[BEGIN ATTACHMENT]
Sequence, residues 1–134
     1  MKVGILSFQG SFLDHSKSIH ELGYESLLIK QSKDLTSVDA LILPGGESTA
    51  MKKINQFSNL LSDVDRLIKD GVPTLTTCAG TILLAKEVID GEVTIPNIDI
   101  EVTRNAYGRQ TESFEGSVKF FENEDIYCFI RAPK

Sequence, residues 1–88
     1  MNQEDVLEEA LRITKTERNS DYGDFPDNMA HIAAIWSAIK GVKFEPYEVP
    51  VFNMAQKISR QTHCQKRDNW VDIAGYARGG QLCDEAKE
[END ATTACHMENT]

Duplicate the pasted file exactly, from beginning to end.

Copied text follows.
Sequence, residues 1–134
     1  MKVGILSFQG SFLDHSKSIH ELGYESLLIK QSKDLTSVDA LILPGGESTA
    51  MKKINQFSNL LSDVDRLIKD GVPTLTTCAG TILLAKEVID GEVTIPNIDI
   101  EVTRNAYGRQ TESFEGSVKF FENEDIYCFI RAPK

Sequence, residues 1–88
     1  MNQEDVLEEA LRITKTERNS DYGDFPDNMA HIAAIWSAIK GVKFEPYEVP
    51  VFNMAQKISR QTHCQKRDNW VDIAGYARGG QLCDEAKE